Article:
In March 2003, PATI awarded the overall design contract to Angélil/Graham/Pfenninger/Scholl, an architecture firm based in Los Angeles and Zurich, Switzerland. In November of the same year, PATI selected Doppelmayr CTEC to design, fabricate, and install the tram. Based in Switzerland and with offices in Quebec, Canada and Salt Lake City, Utah, Doppelmayr CTEC has installed aerial tramways and similar lifts using wire rope worldwide.
Several things became clear. Besides a base station, two very tall structures would have to be constructed: an intermediate tower at a distance 10 percent along the route to raise the tramline high enough to clear Interstate-5 and the public thoroughfares that lie between the two tram stations and a second set of tall massive struts to support the upper station, which interfaces to the ninth floor of the medical pavilion.
Since the intermediate tower is constructed on a flat surface with no surrounding buildings, this was a routine undertaking. Supported by 35 piers sunk deep into the ground, the tower stands 197 feet high with a base 22 by 20 feet wide.
The upper station was built on the top of tall struts on a hillside adjacent to a major medical facility, making construction more problematic. Ultimately, it too was anchored into the ground with deeply bedded steel-reinforced concrete. The tower and upper station struts are double-wall construction, the cavity filled with concrete to provide rigidity.
A skybridge to the medical pavilion would have to include a feature to prevent even the slightest vibration from interfering with surgeries taking place inside the pavilion. As the tram cabins slip into their bays, they nudge against the structures. Additionally, the skybridge itself frequently moves minutely. A flexible coupling was used to allow for the movement in the upper terminal while stopping vibration or movement from reaching the hospital building itself. Additionally, an aluminum plate on the skybridge floor provides a threshold for the floor to slide back and forth.
Mike Commissaris, general manager of tram operations, at one of the control room monitors, which show every aspect of tram operation
To power the tram, the system has three drives. The main one consists of a 536-horepower electric motor at the lower station operating off electricity supplied by city utilities. If any part of the main drive shuts down, the standby drive, a 12-cylinder diesel engine with three hydraulic pumps and a hydrostatic motor activates. Should this drive also fail, the manually operated evacuation drive can bring the cabins from the tramlines into the stations. Two tram cabins travel in unison along parallel steel track ropes measuring 1.93 inches thick and 3376 feet long and tensioned at 125,000 pounds, with one car at the lower terminal when the other is at the top. State-of-the art drive and braking systems move and stop the cabins.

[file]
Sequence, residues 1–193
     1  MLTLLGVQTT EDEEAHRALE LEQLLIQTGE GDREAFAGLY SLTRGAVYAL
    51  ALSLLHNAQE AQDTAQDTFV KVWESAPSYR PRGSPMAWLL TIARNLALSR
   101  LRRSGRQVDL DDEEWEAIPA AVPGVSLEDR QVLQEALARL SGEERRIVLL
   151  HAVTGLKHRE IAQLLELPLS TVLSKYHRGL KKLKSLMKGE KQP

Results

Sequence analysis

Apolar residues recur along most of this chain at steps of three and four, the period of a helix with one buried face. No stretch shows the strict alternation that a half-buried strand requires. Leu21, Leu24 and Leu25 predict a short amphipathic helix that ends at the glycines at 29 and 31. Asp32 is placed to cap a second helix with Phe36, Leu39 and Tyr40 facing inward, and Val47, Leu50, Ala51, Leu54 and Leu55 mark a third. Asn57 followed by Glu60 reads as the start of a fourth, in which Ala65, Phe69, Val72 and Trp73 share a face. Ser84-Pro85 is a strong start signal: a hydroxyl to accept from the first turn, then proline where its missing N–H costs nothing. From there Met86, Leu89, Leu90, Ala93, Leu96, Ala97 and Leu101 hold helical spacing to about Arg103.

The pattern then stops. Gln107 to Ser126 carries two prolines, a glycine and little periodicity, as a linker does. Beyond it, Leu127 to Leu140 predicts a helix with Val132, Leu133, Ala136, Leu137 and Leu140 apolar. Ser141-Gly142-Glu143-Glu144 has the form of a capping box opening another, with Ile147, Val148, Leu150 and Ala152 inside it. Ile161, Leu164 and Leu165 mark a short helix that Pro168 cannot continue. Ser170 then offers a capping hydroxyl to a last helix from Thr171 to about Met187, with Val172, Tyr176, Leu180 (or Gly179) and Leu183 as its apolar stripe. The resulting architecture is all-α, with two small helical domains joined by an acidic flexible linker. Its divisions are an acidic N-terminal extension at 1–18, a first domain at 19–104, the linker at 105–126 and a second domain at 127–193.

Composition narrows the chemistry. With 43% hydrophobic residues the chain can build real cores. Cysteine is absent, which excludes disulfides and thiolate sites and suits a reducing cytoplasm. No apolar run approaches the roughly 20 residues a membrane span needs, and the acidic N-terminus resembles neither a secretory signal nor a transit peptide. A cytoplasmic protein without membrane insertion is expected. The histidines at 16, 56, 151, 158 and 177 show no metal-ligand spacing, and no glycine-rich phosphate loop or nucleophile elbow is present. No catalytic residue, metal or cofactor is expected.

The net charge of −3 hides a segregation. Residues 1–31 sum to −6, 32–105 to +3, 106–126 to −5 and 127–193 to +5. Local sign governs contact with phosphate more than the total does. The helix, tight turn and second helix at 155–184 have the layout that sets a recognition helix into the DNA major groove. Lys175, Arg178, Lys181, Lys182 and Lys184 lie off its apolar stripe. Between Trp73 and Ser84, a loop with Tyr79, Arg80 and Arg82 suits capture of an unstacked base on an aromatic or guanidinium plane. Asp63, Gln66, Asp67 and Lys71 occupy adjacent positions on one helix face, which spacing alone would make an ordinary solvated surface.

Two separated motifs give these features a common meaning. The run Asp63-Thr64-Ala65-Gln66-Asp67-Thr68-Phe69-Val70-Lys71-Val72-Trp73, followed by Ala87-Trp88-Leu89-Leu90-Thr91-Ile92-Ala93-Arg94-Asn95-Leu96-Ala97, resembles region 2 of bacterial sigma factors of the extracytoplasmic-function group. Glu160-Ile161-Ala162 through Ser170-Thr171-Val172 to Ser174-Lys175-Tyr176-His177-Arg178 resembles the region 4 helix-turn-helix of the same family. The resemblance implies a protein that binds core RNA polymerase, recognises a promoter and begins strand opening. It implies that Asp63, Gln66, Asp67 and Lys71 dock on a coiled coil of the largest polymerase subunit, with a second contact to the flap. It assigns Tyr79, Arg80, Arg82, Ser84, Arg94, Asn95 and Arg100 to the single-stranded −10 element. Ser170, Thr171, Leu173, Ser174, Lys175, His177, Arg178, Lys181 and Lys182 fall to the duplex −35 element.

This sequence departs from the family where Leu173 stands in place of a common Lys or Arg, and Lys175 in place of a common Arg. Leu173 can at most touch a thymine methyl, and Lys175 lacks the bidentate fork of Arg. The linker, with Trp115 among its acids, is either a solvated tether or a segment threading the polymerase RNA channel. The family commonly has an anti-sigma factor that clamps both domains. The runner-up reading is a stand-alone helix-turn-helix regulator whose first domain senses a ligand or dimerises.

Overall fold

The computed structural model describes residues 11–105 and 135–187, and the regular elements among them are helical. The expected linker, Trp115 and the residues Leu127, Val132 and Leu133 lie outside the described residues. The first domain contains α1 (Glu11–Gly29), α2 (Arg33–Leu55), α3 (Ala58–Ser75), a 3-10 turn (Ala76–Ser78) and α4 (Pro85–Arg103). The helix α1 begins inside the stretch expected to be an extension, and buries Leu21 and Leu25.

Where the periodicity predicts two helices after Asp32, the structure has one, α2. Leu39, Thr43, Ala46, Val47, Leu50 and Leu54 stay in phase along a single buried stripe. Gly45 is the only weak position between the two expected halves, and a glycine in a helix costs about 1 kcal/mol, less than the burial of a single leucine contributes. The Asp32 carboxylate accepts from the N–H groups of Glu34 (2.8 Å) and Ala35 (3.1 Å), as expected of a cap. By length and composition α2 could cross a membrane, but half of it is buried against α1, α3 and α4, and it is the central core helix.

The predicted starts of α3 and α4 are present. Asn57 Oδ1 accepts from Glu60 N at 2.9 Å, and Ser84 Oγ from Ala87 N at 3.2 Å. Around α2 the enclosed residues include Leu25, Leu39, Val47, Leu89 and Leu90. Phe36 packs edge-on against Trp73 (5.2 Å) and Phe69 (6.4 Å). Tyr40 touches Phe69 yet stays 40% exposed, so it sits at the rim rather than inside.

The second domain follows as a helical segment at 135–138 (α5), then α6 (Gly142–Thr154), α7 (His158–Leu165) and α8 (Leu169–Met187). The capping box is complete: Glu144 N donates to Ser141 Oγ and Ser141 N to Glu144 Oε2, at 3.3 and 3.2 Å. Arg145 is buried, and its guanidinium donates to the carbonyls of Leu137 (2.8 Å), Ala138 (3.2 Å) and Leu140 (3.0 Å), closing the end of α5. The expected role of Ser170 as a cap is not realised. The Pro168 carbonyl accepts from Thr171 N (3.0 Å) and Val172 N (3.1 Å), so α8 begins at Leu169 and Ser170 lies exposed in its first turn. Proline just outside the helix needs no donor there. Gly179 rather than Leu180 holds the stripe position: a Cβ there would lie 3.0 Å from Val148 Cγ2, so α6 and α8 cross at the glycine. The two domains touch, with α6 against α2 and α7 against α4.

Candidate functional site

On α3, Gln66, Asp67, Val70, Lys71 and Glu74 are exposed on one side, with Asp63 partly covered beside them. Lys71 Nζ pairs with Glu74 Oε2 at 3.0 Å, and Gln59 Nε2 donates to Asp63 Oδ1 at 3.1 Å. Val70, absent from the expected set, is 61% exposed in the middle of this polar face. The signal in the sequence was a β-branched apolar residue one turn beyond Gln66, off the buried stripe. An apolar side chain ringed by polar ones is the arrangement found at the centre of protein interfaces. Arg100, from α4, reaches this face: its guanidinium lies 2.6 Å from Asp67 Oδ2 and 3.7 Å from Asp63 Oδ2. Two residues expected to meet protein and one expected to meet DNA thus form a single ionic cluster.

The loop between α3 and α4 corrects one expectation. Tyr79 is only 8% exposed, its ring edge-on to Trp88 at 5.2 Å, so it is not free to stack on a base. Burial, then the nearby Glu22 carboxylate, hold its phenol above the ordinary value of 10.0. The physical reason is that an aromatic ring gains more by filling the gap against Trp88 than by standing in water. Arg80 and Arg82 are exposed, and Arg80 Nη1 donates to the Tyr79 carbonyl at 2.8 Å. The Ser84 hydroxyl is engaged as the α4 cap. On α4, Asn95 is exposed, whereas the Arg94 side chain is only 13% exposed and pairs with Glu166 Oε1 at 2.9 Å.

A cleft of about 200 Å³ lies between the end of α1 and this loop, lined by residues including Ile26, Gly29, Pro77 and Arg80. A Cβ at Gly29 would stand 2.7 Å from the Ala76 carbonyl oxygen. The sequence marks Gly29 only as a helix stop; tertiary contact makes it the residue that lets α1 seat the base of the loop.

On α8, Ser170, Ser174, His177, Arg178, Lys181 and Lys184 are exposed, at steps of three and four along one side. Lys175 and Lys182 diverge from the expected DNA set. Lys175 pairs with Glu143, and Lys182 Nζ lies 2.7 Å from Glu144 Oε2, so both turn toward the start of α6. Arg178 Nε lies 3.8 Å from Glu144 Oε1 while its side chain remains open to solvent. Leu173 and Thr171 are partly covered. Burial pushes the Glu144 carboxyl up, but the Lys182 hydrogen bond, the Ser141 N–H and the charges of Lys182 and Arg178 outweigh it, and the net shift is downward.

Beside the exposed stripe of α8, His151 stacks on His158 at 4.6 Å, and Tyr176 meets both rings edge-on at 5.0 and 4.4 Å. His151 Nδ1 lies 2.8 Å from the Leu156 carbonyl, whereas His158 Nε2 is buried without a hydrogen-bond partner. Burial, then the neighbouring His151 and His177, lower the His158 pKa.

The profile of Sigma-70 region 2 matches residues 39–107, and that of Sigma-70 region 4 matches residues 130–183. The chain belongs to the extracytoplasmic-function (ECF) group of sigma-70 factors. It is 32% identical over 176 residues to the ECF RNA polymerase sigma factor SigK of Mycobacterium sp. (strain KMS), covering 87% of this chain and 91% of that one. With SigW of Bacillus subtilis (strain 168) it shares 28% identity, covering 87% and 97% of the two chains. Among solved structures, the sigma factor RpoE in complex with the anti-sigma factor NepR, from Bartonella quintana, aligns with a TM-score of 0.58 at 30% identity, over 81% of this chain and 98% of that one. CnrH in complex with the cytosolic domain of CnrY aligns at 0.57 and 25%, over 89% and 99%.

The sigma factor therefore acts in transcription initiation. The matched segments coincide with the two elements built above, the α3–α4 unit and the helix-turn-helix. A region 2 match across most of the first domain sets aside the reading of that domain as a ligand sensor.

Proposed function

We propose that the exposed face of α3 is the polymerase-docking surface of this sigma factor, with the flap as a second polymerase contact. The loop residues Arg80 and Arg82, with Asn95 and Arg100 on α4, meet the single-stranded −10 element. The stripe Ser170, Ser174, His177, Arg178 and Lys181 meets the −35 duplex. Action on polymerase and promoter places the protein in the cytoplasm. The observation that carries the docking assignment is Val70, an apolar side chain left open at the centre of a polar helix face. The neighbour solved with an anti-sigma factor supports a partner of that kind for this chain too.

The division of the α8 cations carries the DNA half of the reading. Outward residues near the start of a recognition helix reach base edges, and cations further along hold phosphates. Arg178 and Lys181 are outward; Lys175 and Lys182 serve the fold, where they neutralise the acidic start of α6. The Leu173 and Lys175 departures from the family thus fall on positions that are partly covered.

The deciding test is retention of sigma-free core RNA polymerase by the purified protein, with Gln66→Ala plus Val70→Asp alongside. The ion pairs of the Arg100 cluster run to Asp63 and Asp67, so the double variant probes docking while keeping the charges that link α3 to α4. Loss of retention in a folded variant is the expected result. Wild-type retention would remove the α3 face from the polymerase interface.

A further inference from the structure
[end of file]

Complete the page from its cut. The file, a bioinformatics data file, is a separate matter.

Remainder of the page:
According to Pearce, the tram fits in well with the city’s environmental missions. “It is very energy efficient, uses green power, and reduces the number of auto trips and greenhouse gas emissions.” Officials expect the tram to reduce gasoline usage by 93,000 gallons a year and greenhouse gas emissions by 1,000 tons.
Additionally, the tram can hold bicycles, and the lower tram station has dozens of bike corals and other fixtures for riders to lock their bikes. Bike riding has reportedly increased substantially since the tram began operating. OHSU provides incentives for bikers, and now that they no longer have to climb a steep hill, more of them pedal to work and classes.
The tram cabins were hand built by Gangloff Cabins in Switzerland and designed to look like clouds going through the sky. Each empty cabin weighs approximately 6.6 tons, with space to hold up to 78 passengers. The sides have a unique curved design.
Gathering Citizen Input
While engineers and architects worked through design and construction issues, the city of Portland focused on a totally different set of problems: Area residents were not happy that a tram would become part of their daily lives.
With doctors performing surgery in an adjoining building, tram cars must enter the upper station quietly and softly
“We went through a lengthy planning process that included discussions with neighborhood residents,” Pearce says, “but there was considerable opposition from some of the neighbors.” One group aggressively pushed against the project, and it became common to see anti-tram signs in windows, telephone polls, bulletin boards, and even on rooftops.
An area resident, Dr. Dan Hagg, an OHSU physician, relates that while he now thinks the tram is “wicked cool,” he objected to it in the beginning. “It was clear in the public meetings the city held that the board didn’t care what the neighbors thought, so it felt like there was a disregard for the impact it would have on us.” However, he rides it a couple of time to work every week and anticipates that once a planned pedestrian path is completed, he will ride it most days. “The tram is exceedingly convenient and fun. They put a lot of thought into the design so it doesn’t look or feel like a floating city bus.”
In this joint venture, OHSU, the city, and South Waterfront property owners funded the tram, and now it is owned by the city and operated by OHSU. It is open to the public and operated as part or Portland’s public transportation system.
While the tram project came in substantially over budget, and it came under attack in the media more than once, it is now a point of pride among many Portland residents. On a clear day, the view alone is worth the four-dollar round-trip ride. Hagg speaks for many riders when he says, “There is nothing like riding the tram on a clear day and looking north and south and seeing all the views the city has to offer. You can see Mt. Hood, Mt. Adams, Mt. Rainier, and all along the Willamette Valley. It’s absolutely fantastic.”
Nancy Hill is a freelance writer in Portland, Oregon